Sunday, October 21, 2007

The view from the rocking chair

Let me 'fess up: I'm happily married to a grandmother.

The grandmother of my grandchildren.

I mention this fact because I want to raise a rather indelicate question: Why do grandmothers exist?

No kidding, the question has scientific merit. And the answer isn't easy to find.

One thing is sure: Our biology is the product of millions of years of evolution. When it comes to explaining how our bodies work, adaption of organisms by natural selection is more or less the only game in town.

So the question is: What is the adaptive value of grandmotherhood?

Which is another way of asking why there is such a gap between the age of menopause and the age of senescence in women.

Menopause is the permanent cessation of ovulation, and it affects most women sometime in the fifth decade of life. Senescence is the decline of bodily vigor that precedes death, which generally occurs decades later.

Why does menopause occur so early in a woman's lifespan? Or alternatively, why does senescence occur so late? From a strictly Darwinian view, it would seem that a woman should live after menopause only long enough to insure the survival of her own offspring, say 10 or 12 years, then get out of the way to make more resources available to the next generation.

But in fact, women typically live with relative vigor well beyond their child-bearing years, long enough to see their offspring bear children. Long enough to be grandmothers -- or even great-grandmothers.

Grandpas are easy to explain; they can potentially propagate their genes until they fall out of their rocking chairs. It's those fit-as-a-fiddle but infertile grandmas who are the evolutionary riddle.

And human grandmothers are apparently unique.

About a decade ago, Craig Packer, Marc Tatar and Anthony Collins reported in the journal Nature data on menopause and mortality in free-living populations of baboons and lions. They found that in both groups, females lived just long enough after the cessation of ovulation to ensure the survival of their own offspring. Grandmothers that were lucky enough to live to a ripe old age helped feed and protect their grandchildren, but their presence had no measurable impact on their daughters' success in bearing offspring, or on the survival of those offspring.

Among baboons and lions, then, grandmotherhood is a rare and apparently useless fluke. The same apparently is true of chimps.

So why are human grandmas different?

In early 1997, University of Utah anthropologist Kristen Hawkes and colleagues presented the results of a study of 300 Hadza hunter-gatherers who live in the hill country of northern Tanzania in East Africa. The Hadza people move nomadically from season to season and live almost entirely off the land. The men hunt game and collect honey; the women dig tubers and collect berries and other fruit.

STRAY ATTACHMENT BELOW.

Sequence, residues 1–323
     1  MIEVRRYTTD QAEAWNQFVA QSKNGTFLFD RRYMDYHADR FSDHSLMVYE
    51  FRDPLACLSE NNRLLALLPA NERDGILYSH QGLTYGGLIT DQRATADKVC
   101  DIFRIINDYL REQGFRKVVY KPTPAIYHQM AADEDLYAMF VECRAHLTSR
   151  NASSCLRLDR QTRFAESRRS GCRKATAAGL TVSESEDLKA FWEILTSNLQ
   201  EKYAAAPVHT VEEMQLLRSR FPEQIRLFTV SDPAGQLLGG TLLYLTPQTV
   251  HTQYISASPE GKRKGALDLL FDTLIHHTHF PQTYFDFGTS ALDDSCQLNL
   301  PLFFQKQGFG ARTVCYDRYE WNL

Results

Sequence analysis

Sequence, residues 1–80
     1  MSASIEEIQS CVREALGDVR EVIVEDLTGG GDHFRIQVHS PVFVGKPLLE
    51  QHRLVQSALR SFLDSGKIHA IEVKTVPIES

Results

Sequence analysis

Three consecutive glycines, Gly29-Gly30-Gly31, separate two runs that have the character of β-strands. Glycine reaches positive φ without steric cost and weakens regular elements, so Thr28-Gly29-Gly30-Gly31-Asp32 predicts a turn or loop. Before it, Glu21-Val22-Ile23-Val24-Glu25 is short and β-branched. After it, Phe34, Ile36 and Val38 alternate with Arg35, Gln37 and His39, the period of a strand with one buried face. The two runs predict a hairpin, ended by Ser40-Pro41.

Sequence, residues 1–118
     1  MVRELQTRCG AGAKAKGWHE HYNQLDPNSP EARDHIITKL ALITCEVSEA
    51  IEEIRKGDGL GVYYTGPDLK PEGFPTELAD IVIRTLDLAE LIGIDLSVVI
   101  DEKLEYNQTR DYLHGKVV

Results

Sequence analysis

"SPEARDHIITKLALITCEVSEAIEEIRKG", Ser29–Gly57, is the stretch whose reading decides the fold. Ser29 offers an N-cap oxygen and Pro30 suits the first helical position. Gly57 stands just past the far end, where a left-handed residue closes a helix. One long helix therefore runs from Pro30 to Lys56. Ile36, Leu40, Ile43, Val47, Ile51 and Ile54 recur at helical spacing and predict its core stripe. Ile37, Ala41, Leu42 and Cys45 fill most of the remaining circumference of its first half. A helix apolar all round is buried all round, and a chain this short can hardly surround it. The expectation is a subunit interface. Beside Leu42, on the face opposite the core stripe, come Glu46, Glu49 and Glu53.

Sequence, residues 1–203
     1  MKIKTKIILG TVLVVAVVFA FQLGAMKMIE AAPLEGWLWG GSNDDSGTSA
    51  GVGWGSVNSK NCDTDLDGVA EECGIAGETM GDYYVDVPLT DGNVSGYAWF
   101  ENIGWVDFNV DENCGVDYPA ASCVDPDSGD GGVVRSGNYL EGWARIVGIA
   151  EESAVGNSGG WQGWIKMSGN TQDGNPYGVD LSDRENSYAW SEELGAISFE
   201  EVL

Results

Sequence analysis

It turned out that fit, hardworking Hadza grandmothers make a significant contribution to the food supply of the group. In fact, tubers dug up by grandmothers are a more reliable food source than the men's hunting.

Hadza grandmothers help nourish children whose mothers are nursing younger siblings. This allows the Hadza mothers to have babies closer together than most other primate species.

According to the Utah researchers, human females live for a long time beyond menopause to ensure that their grandchildren eat and their daughters have more babies. Grandmothers are favored by evolution because they help ensure success for the family gene pool.

The useful grandmother hypothesis has recently found more support by researchers working with Gambians and populations of Canadians and Finns.

This idea that natural selection might favor a group rather than individuals is controversial in biology. So too is the idea that human evolution should be dramatically different from that of our close mammalian and primate relations.

So a bit of mystery remains. Is the gap between menopause and senescence an adaption of natural selection, perhaps because it favors the group? Or do women in human populations simply survive longer than female primates and lions because they are better able to avoid predators and other premature causes of death?

The research so far suggests that human grandmothers have a post-menopausal role to play in the evolution of our species -- they are doing, as Hawkes says, "a very special kind of thing" -- but exactly how selection favors grandmotherhood remains vague.

Meanwhile, as a human grandpa married to a human grandma, all of this evolutionary speculation seems rather beside the point. My spouse and I are not the sort of grandparents who would be favored by natural selection anyway -- the sort who exist to sustain the grandchildren and perhaps give the collective gene pool a boost.

We look upon our post-reproductive years as a time to independently enjoy the mysterious gap between child-bearing and kicking the bucket. That may put us at odds with Darwin, but, after all, isn't that what being human is all about?

Further Reading

The two recent studies I mentioned are Daryl Stanley, et. al., Testing evolutionary theories of menopause, Proceedings of the Royal Society, B, September 18, 2007, and Mirkka Lahdenpera, et. al., Fitness benefits of prolonged post-reproductive lifespan in women, Nature, March 11, 2004.

Discuss this essay and more over on the Science Musings Blog.